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Economy in Brief

German Orders Fall Again
by Robert Brusca  July 5, 2013

German industrial orders fell by 1.3% in May after falling by 2.2% in April. The May drop marks a two consecutive month drop for overall orders. Foreign orders have fallen for two months in a row as have domestic orders marking the fact that weakness is widespread.

Total orders are down on balance over three months as are domestic orders. However, over three months foreign orders are up at a 2.7% annual rate. Over six months all three categories are lower and over 12 months all three categories are lower. If we look at the evolution of orders in the quarter to date we find the two months into this quarter total orders are falling at a 2.7% annual rate with domestic orders falling at a 10.3% annual rate; but foreign orders are up on balance at a 3.6% annual rate.

German real sector sales show decline in May after several months of increasing. The weakness is concentrated in consumer durable goods and capital goods. In the quarter to date overall manufacturing as well as manufacturing and mining sales are advancing sharply at an 8.5% annual rate. Among the various categories only consumer durables are declining two months into the new quarter - and that of the slow rate of 0.7%.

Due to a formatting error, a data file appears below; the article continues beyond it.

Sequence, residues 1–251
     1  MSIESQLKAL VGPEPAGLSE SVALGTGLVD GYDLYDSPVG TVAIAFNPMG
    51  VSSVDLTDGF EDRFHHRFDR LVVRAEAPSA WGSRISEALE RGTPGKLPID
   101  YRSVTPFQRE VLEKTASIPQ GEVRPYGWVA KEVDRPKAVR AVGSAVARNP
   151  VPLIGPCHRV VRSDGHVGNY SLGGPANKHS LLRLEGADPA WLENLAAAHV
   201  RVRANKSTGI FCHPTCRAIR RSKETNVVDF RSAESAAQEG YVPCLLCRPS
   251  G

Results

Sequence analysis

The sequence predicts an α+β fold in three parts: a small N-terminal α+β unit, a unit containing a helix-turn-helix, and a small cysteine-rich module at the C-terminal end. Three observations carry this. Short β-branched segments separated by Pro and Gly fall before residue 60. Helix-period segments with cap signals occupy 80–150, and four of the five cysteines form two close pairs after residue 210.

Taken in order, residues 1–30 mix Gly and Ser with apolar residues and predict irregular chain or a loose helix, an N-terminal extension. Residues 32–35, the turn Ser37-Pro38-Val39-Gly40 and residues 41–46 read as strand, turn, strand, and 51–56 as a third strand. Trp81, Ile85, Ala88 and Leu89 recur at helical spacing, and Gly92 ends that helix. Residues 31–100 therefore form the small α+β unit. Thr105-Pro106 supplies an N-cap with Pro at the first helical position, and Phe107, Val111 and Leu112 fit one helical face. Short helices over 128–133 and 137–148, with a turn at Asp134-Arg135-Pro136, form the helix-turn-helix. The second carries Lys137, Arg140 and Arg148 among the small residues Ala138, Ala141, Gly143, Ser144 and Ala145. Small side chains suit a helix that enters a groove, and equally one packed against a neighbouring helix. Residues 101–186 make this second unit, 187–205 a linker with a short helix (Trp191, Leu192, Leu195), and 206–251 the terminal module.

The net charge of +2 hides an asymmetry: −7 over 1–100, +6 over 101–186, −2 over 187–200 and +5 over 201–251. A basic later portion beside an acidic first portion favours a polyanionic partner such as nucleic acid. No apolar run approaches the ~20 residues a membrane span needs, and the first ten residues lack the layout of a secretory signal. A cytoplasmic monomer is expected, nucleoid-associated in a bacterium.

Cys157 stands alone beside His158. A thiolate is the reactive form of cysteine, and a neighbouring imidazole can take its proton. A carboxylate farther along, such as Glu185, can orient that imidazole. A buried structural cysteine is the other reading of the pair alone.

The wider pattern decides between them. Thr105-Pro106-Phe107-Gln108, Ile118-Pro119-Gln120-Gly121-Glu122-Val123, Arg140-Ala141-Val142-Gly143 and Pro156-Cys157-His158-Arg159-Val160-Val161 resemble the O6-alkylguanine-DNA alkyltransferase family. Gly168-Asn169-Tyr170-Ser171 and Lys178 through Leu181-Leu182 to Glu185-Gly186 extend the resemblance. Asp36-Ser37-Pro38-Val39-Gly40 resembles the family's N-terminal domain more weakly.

Orders specifically from the 17 member euro-Zone region declined by 3.9% Orders form the euro-Zone appear to be an important source of weakness in May. Although some data have showed that there is some degree of a firming in the Zone on this horizon, on balance German industrial orders don't reflect that. Germany is still the most competitive country in the Eurozone. If there is business in the Zone for anyone there's business there for Germany. Weak German orders from other EMU members is not an encouraging sign.

The threats and weakness that have been worrying markets in the past few days concerning Portugal seem to have dissipated. Portugal has been able to keep its coalition together. Wolfgang Schaeuble, Germany's finance minister, has puts aside concerns about the political stalemate in Portugal. He is arguing that the euro-Zone is seen as stable and at these political tensions will not mean another crisis for the euro.

Still the Eurozone is struggling with growth. The IMF is wary of the recovery in the euro-Zone's third-largest economy, Italy. The IMF has downgraded its growth outlook for Italy looking for gross domestic product to shrink by 1.8%, a deeper decline in its previous estimate of a 1.5% drop. It looks the economy to expand by 0.7% in 2014, a slight improvement from its previous 2014 estimate of a gain of 0.5%.

The decline in industrial orders in Germany that was unexpected comes one day after the German industry group VDMA has reported weaker orders for machine tool products. This recent dip in Germany comes amid the appearance of some stability in the other countries. That signal has to be taken with some degree of skepticism given the fresh evidence of a faltering German economy.

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